The European Union Directive of 2019 on work life balance was adopted on 29 June 2021, which amongst other things provides for 9 weeks of earmarked parental leave. The work life balance Directive must be implemented in the individual member states no later than 2 August 2022. On 26 October 2021 the Government, together with a broad majority of the political parties, entered into an agreement on the implementation of the directive into national law.
The parties have entered into the agreement to create more equality between men and women in the labor market and in the family by encouraging greater equality of leave between parents, and by fathers being granted earmarked leave.
The agreement means that from August 2022, there will be an equal distribution of leave between mothers and fathers. As a general starting point, both mother and father will each receive 24 weeks’ leave after the child’s birth (24/24 model). The mother will continue to be entitled to four weeks’ maternity leave prior to the birth of the child.
Out of the 24 weeks’ leave, two weeks’ leave is earmarked for each of the parents, which as before, must be taken in connection with the birth, in addition, another 9 weeks’ leave is earmarked for each of the parents. The earmarking of leave means that the leave cannot be transferred between the parents, and that the leave is therefore lost if the parent to whom the leave is earmarked does not take it. The earmarked parental leave must be taken within the child’s first year of life.
However, in relation to the weeks that are not earmarked, parents can choose to transfer the leave to each other. Thus, a total of 13 weeks’ leave can be transferred from one parent to another.
The agreement only covers parental leave for employees, and therefore the self-employed, unemployed or students will not benefit from the same provisions. This means that the self-employed, unemployed or students can transfer 22 weeks’ leave to the other parent.
Entitlement to maternity allowance
The agreement does not change the length of the total right to leave with maternity benefit, a total of 52 weeks, of which 48 weeks is taken after the birth.
Salary during leave
The agreement does not change the employees’ right to pay during leave. Section 7 of the Salaried Employees Act gives female employees covered by the Salaried Employees Act the right to half pay for 4 weeks before the expected birth (term) and 14 weeks after the birth. The Salaried Employees Act, however, does not contain rules on the right of male employees to pay in connection with the birth of a child.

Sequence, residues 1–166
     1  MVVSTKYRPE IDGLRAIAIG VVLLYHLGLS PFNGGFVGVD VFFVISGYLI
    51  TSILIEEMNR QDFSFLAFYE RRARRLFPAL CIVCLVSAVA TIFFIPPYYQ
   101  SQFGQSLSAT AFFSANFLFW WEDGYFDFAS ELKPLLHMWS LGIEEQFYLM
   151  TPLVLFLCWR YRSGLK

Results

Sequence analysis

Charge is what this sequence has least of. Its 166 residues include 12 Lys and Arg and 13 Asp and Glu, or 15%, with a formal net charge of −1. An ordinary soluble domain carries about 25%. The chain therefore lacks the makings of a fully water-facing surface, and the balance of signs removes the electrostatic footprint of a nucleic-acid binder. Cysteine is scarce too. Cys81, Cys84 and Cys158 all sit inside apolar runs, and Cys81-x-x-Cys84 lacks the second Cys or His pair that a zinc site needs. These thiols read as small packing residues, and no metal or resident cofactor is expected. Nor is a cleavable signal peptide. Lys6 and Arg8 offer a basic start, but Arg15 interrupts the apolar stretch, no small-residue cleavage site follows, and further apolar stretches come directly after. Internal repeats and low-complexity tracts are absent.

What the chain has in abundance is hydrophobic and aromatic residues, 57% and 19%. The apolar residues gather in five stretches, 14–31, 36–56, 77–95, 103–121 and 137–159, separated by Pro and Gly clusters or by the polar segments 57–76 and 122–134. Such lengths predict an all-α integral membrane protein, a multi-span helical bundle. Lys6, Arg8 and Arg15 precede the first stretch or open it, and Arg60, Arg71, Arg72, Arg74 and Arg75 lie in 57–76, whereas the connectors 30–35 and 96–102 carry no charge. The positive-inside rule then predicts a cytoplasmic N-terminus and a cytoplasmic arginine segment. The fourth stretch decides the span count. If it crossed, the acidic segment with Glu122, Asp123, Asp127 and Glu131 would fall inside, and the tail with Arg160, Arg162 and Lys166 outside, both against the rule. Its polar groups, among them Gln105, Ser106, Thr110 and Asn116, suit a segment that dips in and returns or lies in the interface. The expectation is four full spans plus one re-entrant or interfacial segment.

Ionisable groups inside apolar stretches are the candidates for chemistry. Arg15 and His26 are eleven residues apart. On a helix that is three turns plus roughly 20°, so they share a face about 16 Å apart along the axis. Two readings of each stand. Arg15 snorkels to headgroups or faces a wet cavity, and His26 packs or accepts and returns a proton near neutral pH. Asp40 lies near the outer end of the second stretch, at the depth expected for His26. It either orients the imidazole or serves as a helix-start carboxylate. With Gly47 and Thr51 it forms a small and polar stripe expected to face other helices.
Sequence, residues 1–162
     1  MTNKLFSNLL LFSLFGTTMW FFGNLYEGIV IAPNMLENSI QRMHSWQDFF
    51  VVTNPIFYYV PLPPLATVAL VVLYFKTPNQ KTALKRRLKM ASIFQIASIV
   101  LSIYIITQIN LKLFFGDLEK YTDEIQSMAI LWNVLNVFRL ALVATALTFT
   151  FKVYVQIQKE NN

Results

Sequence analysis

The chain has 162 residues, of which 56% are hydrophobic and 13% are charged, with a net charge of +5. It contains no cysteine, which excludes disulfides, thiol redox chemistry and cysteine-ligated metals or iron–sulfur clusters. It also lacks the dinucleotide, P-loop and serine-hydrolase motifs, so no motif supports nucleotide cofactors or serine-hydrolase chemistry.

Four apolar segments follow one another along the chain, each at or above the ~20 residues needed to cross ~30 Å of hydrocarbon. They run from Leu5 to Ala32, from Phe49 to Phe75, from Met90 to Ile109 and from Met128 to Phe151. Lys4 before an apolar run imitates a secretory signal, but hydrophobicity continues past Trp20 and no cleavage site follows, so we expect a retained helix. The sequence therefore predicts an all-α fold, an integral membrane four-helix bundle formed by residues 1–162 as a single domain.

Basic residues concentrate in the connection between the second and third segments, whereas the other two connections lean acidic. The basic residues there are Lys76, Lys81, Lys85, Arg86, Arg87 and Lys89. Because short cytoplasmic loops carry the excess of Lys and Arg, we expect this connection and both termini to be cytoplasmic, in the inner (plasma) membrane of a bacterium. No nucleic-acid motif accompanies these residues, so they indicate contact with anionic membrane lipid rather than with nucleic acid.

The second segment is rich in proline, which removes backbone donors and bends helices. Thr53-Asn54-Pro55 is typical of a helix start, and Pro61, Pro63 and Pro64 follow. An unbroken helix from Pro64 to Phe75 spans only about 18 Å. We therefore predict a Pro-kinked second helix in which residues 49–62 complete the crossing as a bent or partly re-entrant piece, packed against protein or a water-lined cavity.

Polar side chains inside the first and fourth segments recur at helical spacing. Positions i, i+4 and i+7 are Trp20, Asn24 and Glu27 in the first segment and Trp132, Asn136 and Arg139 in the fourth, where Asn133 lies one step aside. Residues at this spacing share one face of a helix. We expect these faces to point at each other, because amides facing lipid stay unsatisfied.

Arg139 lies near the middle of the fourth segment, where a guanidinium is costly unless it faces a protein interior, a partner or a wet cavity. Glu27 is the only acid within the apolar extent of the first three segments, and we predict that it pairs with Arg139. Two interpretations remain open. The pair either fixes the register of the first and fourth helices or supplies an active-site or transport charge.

In addition, the right to pay during leave will depend on a collective agreement or the company’s maternity policy.
According to the agreement, single parent families should not be disadvantaged compared to two parent families in relation to the total right to maternity / paternity leave, and thus they do not lose leave weeks with the right to maternity / paternity pay because of the Leave Directive and the 24/24 model.
Special Family Relationships
The agreement, will in special situations, make it possible to allocate the resident parent extra weeks of maternity benefit, if several objective conditions are met, in order to compensate for the weeks that are earmarked for the other parent. These can be situations such as high-conflict divorces or if one parent is an employee but suffers from a severe disability, which means that he or she cannot take leave with the child. In addition, it must be possible to postpone his 9 weeks of earmarked parental leave until after the child’s first year of life, in those situations where the employee has an obstacle to leave. This may, for example, be due to a pending case of paternity or custody and deportation for the Danish state.
Self-employed and unemployed
Regardless of whether the parents are self-employed or unemployed, they are generally given 24 weeks’ leave after the birth. However, the requirement for nine weeks of earmarked leave only applies to employees, and therefore the self-employed and unemployed can choose to transfer up to 22 weeks (9 + 13 weeks) to the other parent.
The agreement introduces the concept of “social parents”, creating the opportunity for greater flexibility for LGBT+ families. The parties to the agreement agree that a child’s legal parents must be able to transfer their transferable weeks and leave rights to so – called social parents, which include the legal parent’s spouse, the legal parent’s cohabitant, a known donor and the known donor’s spouse or cohabitant with a parent-like relationship with the child.
The political agreement states that all employees have the right to absence to provide personal care or support to a family member, or a person living in the same household as the employee, who needs care or support due to health reasons. The right to absence is for five working days per. calendar year without benefit.
Scope of the Leave Directive
The agreement also states that the parties to the agreement are critical of the EU Commission’s assessment of the scope of the Leave Directive. Therefore, the government will initiate a dialogue with the EU Commission to discuss the consequences of the EU Commission’s legal interpretation of the scope of the directive, and the consequences that the directive may have when it is implemented on a welfare system such as the Danish one.
The government expects to present the bill in December 2021.
The political agreement on earmarked maternity leave can be read in full here (in Danish): https://bm.dk/media/18884/politisk-aftale-om-oeremaerket-orlov.pdf
This article was first published by Mette Klingsten Law Firm on 2 November 2021. Interested in knowing more about our Danish member and how it can assist you with parental leave related questions? Get in touch here or visit Mette Klingsten Law Firm’s website.